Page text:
Skip to main content

Paul Allen

Research Officer
Procter and Gamble
PhD Project Title
Transitional multiphase flow: the enigmatic behaviour of seafloor landslides


I graduated from Oxford University in 2015 with a MMath degree in mathematics. My fourth year dissertation was on ‘The Rupturing of Thin Liquids Sheets’ where, as well as pulling together the current research in the area, I created my own numerical solutions to the governing equations using Matlab. Asides from fluid dynamics, I’m a keen player of both squash and snooker.

Research Interests

My current research resolves around gravity currents and, in particular, those created by a lock-release or dam-break.  By exploring theoretical examples I  provide insights to the prediction of potentially hazardous geophysical flows, for example landslides, pyroclastic flows and lahars.  Predominately, the models are based on the shallow-water assumption and solved numerically with finite-volume or finite-difference schemes and validated with idealised experiments or direct numerical simulations conducted in the spectral element solver Nek5000.

My first publication classifies the range of solution for the phased-released of two sequential lock-boxes in terms of two parameters (the Froude number and a dimensionless separation time) using a shallow-water model. It was chosen as a highlighted article and is accompanied by a scilight (science highlight, read my paper on gravity current hazard prediction model for lahars, landslides and avalanches). This article may be downloaded for personal use only. Any other use requires prior permission of the author and AIP Publishing. This article appeared in (Allen, P. A., et al. "Pulse propagation in gravity currents.Physics of Fluids 32.1 (2020): 016603.).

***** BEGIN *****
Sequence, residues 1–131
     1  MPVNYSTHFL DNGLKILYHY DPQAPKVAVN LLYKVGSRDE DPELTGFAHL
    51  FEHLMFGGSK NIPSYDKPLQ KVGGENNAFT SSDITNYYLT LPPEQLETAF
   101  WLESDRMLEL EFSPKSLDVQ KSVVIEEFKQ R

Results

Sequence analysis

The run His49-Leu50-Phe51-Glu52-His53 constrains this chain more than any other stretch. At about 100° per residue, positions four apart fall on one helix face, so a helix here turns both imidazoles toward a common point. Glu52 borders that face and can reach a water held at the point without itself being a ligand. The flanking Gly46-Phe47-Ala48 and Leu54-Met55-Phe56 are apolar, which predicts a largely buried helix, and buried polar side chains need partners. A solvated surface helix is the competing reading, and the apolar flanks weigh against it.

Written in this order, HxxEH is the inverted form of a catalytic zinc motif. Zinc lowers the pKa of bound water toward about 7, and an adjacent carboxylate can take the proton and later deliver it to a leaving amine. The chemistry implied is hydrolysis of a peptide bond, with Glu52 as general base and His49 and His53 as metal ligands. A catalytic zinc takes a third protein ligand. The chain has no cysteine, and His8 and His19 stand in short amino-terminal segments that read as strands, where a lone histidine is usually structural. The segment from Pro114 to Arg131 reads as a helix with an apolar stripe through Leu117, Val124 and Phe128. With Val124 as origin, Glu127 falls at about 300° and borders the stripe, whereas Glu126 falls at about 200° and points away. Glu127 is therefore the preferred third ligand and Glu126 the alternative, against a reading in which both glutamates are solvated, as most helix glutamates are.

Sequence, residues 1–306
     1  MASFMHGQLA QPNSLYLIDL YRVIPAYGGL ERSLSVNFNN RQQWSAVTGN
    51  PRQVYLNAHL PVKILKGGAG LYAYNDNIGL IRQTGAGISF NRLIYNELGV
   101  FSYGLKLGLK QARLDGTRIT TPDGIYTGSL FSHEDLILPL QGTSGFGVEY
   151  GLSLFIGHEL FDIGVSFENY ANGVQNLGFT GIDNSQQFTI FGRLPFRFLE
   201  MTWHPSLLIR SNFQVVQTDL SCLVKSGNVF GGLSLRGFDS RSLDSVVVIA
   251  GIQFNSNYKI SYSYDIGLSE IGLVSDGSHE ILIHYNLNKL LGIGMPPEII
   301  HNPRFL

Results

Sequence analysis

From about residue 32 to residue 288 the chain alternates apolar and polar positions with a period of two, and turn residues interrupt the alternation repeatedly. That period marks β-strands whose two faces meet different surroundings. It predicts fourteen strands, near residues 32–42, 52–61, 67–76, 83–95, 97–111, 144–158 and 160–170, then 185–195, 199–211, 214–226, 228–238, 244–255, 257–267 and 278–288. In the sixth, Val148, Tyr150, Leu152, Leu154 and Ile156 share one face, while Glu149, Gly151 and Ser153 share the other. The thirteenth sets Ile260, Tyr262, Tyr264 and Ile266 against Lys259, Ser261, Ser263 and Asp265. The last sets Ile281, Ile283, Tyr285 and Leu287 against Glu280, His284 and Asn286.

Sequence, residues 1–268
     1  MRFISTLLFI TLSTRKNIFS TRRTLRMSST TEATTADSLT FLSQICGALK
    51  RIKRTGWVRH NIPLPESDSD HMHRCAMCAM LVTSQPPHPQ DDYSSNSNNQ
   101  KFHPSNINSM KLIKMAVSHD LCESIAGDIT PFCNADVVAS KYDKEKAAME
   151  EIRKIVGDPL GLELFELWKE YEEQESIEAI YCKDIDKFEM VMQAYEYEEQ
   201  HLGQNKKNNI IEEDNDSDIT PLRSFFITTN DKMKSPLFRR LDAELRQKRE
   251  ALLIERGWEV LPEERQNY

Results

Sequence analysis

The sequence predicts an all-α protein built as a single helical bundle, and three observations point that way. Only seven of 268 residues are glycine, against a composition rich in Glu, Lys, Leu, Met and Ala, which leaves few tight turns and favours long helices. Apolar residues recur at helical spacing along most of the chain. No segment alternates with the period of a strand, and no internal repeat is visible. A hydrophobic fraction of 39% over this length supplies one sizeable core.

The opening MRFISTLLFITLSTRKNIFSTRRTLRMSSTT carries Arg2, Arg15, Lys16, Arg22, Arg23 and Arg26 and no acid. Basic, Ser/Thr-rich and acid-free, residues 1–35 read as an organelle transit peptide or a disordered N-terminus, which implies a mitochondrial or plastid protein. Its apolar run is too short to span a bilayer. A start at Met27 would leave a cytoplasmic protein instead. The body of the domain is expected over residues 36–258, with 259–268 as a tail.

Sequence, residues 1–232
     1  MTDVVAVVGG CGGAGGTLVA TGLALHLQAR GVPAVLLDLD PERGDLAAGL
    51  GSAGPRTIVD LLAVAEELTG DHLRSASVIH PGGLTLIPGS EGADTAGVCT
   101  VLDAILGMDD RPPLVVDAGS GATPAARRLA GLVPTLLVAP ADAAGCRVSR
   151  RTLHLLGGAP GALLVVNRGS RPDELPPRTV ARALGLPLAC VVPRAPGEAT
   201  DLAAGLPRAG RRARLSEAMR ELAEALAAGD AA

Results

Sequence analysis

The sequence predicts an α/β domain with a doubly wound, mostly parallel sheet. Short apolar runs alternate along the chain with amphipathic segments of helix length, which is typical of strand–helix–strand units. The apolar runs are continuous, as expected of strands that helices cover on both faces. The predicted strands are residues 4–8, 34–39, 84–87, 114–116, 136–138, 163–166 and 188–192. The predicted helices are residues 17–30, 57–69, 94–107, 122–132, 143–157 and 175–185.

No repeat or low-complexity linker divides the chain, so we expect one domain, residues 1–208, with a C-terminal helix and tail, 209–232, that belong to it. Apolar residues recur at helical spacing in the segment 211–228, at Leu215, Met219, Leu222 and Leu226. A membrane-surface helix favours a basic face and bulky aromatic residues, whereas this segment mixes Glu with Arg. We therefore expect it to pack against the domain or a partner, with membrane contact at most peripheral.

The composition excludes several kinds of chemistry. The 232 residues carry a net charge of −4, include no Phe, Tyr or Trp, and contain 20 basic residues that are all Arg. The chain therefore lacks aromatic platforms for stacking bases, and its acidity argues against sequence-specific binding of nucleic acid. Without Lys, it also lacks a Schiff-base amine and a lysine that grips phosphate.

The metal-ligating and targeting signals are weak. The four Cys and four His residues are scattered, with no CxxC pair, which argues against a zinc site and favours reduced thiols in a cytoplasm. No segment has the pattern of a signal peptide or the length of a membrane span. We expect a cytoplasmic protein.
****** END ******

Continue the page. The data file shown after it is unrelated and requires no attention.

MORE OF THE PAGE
Why I chose the CDT in Fluid Dynamics

Coming from a heavily theoretical background, I chose the CDT in Fluid Dynamics to diversify my skill set in the hope that I can tackle real world problems. The CDT also offered me the chance to explore a wider range of fluid dynamical problems, whilst working with many people from different backgrounds, before deciding on my PhD research project.